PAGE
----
Titel: The influence of etiology on the efficacy of the ketogenic diet in a cohort of children with epileptic encephalopathy
ID: FV 28
Art: Abstractvortrag
Session: Freie Vorträge V

Referent: Chiara Häfele (Wien/AT)

Abstract - Text

To investigate whether the ketogenic diet is effective in different epileptic encephalopathies during childhood  according to etiology according to the new ILAE criteria of classification and terminology in 2017.


Methods: This study was planned as an explorative descriptive data analysis of a prospective longitudinal database from March 1999 to September 2018, which includes consecutive children treated with the KD at the Medical University Vienna.

The new classification of epilepsy was applied divided into the new range of etiologic groups: known (structural, genetic , metabolic, infectious, and immune etiologies)  as well as unknown causes. Response was defined as a seizure reduction > 50% after an evaluation period of at least 3 months. The proportion of seizure freedom (100% seizure

reduction) was analysed, as well as the responder rate.



201 children and adolescents were included into the cohort. Drop-outs due to compliance occurred in 14 patients (7%) during the first weeks of evaluation.

In one child the KD was established due to a complex I deficiency without seizures and was excluded from analysis .


 From the remaining 186 patients, 98 males and 88 females were included.

59 (32%) achieved long term-seizure freedom at last follow-up.

Seizure reduction >50% (i.e.responder rate) occurred in 122 (66%).


Etiology was known in 127 (68%) participants and 33 children achieved seizure freedom (26%), whereas in unknown etiologies 26 participants achieved seizure freedom (43%).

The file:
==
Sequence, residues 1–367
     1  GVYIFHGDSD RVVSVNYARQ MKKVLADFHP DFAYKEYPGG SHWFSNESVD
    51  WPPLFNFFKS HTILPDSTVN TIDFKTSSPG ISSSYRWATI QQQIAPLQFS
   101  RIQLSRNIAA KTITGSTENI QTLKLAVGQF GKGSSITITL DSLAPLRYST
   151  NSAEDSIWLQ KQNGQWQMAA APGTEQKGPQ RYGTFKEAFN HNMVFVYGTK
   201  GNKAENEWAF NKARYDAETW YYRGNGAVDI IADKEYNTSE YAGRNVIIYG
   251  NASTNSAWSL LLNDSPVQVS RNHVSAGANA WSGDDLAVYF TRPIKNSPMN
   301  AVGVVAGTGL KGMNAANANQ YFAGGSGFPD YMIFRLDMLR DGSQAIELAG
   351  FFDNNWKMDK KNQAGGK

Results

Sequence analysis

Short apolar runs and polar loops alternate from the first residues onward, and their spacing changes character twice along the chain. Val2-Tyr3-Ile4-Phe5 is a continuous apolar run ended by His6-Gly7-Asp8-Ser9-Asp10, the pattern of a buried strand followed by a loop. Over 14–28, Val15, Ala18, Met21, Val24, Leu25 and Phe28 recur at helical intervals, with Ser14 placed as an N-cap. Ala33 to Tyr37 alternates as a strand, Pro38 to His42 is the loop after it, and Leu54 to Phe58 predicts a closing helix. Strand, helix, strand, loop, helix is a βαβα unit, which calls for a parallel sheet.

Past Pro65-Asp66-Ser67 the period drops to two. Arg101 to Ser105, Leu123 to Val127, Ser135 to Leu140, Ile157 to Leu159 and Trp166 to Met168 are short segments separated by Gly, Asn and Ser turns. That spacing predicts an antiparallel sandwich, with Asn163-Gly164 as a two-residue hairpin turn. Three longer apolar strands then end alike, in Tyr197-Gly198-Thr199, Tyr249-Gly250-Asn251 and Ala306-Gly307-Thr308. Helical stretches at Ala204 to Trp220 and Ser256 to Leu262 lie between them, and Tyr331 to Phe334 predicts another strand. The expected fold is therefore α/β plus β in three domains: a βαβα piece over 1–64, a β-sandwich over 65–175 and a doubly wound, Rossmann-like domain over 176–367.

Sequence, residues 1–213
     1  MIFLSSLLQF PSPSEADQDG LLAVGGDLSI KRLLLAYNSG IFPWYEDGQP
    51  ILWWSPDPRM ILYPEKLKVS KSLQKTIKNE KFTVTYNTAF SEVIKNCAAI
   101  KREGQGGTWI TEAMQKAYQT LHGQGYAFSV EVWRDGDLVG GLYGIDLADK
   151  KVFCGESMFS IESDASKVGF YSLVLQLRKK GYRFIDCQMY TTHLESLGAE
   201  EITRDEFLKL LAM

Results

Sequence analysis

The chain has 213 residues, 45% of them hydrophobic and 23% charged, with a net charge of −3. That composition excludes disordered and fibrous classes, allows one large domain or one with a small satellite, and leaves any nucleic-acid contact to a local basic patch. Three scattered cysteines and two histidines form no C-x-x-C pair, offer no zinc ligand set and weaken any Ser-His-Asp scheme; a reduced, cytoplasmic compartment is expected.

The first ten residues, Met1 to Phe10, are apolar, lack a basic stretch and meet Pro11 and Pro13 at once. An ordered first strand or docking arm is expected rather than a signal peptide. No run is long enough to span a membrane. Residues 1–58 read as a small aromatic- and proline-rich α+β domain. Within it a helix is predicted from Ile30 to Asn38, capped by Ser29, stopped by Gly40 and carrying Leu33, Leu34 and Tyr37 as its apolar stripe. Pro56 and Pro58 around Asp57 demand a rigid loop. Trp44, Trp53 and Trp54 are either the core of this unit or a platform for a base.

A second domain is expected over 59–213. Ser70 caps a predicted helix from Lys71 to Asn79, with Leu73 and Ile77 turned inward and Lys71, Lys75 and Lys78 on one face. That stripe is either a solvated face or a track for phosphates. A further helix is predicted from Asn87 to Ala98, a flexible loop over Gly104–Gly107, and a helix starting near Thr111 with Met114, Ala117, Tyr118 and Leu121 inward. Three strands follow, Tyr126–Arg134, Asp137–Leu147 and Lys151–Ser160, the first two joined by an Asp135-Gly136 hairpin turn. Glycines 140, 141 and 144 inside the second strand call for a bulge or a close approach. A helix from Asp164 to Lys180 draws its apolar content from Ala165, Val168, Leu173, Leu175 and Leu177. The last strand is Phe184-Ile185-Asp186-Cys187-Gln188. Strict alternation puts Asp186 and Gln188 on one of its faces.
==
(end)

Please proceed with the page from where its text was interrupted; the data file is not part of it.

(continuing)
A seizure reduction > 50% (i.e. responder rate) was observed in 83 participants (65%) with known and in 39 participants with unknown (66%) etiology.


In the structural group 24 (31%) participants became seizure free, in the genetic subgroup 8 (21%) participants became seizure free, in the metabolic subgroup 1 participant (20%) became seizure free and in the infectious no participant (0%) became seizure free. No patients with immune mediated epilepsy were included into the cohort.


In the structural subgroup 54 (69%) participants were responders, in the genetic subgroup 26 (67%) participants were responders, in the metabolic subgroup 3 participants (60%) were responders and in the infectious subgroup no responders were observed.



When looking at seizure freedom, unknown etiologies showed a higher rate of seizure freedom, as well as structural etiologies. However, a seizure reduction > 50% (responder rate) was equally distributed between unknown and known etiologies and within etiologic subgroups.